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Humanising Healthcare®: Treating the Patient as a Person

Hamish Dibley

Hamish Dibley

Consulting Director, BearingPoint

The NHS currently faces unprecedented challenges. NHS commissioners and providers are struggling to meet constitutional service standards and performance targets whilst addressing the backlog of waiting lists that were formed due to the coronavirus. 

A ‘rising demand’ in emergency and urgent care settings, together with the need to make post-pandemic productivity improvements in elective care, are seen as the principal causes of the current NHS malaise. Conventional analysis lends itself to activity and cost analyses.

Adopting a different perspective

There is a better way to conceive and act on the current problems facing the NHS. We have evolved a novel, empirical and pragmatic approach to successfully understand and improve the operational and cost performance of health services. We call it Humanising Healthcare®.

This approach begins by studying healthcare systems from the patient, not activity, perspective. By understanding patient demand, it is possible to deploy a range of research and improvement techniques that will allow you to understand the causes of operational performance issues and costs.

Understand patients before analysing activity

Analysing patient demand reveals that it is more stable, predictable and repeatable than assumed. However, the activity on stable numbers of patients is rising. Relatively few patients consume a lot of healthcare and we refer to these as the ‘vital few’. It is they who require a genuinely integrated service provision.

These are small numbers of patients typically less than 5% of the hospital population who boomerang around local healthcare systems, consuming disproportionate activity and resources. 50% to 66% of such patients are below 65 to 70 years of age. Many of them have common chronic conditions but these are not the reason behind their high consumption of services.

These patients are behind up to 50% of all ED breaches of target performance; 50% of admissions (often into assessment units); a similar proportion of emergency beds capacity; the lion’s share of hospital mortality rates; and between 40% to 90% of hospital deficits. A positive impact on small numbers of such patients has a significant impact on overall service performance and budgets.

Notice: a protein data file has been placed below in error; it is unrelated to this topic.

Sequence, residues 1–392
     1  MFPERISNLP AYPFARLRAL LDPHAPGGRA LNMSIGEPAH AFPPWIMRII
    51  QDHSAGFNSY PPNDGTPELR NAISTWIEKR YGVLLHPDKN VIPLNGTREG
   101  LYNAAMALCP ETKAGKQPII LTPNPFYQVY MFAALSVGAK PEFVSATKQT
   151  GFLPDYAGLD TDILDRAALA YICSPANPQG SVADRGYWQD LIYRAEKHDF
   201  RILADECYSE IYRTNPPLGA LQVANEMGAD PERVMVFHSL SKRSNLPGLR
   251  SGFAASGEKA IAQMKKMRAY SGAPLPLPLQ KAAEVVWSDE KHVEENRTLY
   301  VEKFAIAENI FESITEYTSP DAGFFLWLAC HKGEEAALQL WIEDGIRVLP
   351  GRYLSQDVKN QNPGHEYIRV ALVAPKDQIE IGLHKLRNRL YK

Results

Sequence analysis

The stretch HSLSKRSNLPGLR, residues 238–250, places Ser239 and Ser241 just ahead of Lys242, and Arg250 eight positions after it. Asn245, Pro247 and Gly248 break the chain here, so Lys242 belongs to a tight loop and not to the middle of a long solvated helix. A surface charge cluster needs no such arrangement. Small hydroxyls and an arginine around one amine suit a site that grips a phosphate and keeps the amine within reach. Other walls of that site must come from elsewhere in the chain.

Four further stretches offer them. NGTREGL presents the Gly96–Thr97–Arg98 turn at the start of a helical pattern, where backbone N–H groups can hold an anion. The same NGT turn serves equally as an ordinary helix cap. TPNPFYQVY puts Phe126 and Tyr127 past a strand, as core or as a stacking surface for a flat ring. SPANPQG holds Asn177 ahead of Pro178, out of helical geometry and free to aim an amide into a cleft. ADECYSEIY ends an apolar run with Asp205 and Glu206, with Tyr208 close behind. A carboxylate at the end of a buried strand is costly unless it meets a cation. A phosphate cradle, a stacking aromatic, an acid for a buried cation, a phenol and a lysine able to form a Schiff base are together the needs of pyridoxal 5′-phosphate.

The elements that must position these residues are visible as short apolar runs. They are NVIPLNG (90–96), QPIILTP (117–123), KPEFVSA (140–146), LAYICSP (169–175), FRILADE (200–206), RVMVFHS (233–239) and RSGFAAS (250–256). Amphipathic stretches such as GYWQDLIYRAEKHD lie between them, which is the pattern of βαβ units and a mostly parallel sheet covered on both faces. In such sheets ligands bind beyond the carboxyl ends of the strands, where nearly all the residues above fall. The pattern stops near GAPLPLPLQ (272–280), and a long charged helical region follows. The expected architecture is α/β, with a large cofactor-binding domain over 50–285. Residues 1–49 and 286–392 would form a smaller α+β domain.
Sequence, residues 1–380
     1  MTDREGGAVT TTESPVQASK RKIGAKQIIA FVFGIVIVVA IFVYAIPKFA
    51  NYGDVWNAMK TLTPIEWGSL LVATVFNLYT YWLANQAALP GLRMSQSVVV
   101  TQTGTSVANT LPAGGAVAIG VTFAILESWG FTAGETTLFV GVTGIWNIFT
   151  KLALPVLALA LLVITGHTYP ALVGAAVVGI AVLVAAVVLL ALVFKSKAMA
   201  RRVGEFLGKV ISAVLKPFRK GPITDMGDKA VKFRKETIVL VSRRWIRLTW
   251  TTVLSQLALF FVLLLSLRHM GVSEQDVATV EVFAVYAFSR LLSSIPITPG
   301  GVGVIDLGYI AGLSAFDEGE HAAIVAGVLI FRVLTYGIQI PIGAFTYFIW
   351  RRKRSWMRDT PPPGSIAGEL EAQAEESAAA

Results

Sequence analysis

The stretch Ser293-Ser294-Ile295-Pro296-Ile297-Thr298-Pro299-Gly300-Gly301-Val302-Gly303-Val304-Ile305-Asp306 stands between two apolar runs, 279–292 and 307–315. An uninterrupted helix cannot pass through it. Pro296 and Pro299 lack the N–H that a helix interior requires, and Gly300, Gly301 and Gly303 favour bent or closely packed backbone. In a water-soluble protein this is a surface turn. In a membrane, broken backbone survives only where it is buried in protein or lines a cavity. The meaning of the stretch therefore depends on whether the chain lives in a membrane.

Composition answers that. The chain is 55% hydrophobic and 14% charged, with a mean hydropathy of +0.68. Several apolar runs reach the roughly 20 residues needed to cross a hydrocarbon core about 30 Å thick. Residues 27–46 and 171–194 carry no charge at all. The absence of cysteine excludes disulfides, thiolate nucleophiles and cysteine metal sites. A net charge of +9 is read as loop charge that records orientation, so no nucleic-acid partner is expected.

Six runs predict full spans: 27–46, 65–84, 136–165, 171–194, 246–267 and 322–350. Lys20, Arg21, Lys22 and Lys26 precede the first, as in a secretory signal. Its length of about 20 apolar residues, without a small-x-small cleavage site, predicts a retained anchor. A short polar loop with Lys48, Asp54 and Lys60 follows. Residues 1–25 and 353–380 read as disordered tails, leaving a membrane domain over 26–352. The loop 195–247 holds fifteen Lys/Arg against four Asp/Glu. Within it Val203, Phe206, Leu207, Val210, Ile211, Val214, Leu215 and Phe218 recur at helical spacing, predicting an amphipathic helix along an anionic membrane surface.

The pyramid of healthcare consumption

Graphic 01

The performance phenomena to tackle in planned care centres on the ‘tippers’. These are patients with genuine medical needs who, because our core support processes and systems are broken and fragmented, tip into urgent care and consume a lot of acute (and beyond) services. The coronavirus pandemic exacerbated this phenomenon due to the stop-start-stop cancellations that have occurred in elective care.  

This work reveals service design (including referral) problems, which need to be tackled. It is with these planned-care patients that hospitals create their own unnecessary work and costs that can be prevented.

Conversely, in urgent care, we see people whom the system fails these are ‘pinball patients’ they are people who have social, psychological, emotional and environmental problems. These patients end up in the only part of the healthcare system that is designed to fix them but cannot help them address or manage their non-medical needs the emergency departments (ED).

Patient cohort improvement

The focus of improvement work changes from creating arbitrary standardised ‘pathways’ to designing more effective service responses for patient cohorts.  These include the ‘vital few,’ urgent care or planned care medical specialities. It is about redesigning services (including roles, measures and budgets) to work for distinct types of patients and is based on studying and understanding their needs and how they currently consume healthcare resources. Understanding patient needs and their journeys, together with how the processes and systems currently work and need to change, is vital.

Proof of concept prototypes (with control groups) are initiated, and services are designed differently to ‘learn how to improve and improve to learn’. Continuous improvement comes through this learning and the resulting scaling-up of the work.

Prototyping performance improvement

Humanising Healthcare

This approach can be deployed to any service function (ED, discharge, etc.), sector (acute, community, primary care) or medical speciality. It is about studying patient demand, analysing the nature of that activity that this demand generates and achieving sustainable cost savings through eliminating wasteful activity that does not meet patients’ real needs.

Humanising Healthcare: A better approach

This approach is centred upon adopting a person-centred perspective to healthcare performance challenges. We need to adopt a different approach to achieve the holy grail of healthcare: better service experienced by patients, at less system cost. Most patients do not require extensive care integration: they simply require effective hospital and healthcare processes and for systems to work as they are intelligently designed.

But for small numbers the ‘vital few’ we need to customise their care and design service responses around their needs. The results will be better outcomes and cheaper system-wide costs. It requires a collaborative effort, linking clinicians with management. It entails an unremitting focus on intelligent operational research linked to operational performance improvement, with the patient firmly at the centre of the work. It is time to humanise health and civilise care.

BearingPoint is a partner of Curia’s NHS Innovation and Life Sciences Commission. Learn more about the Commission here.

www.bearingpoint.com

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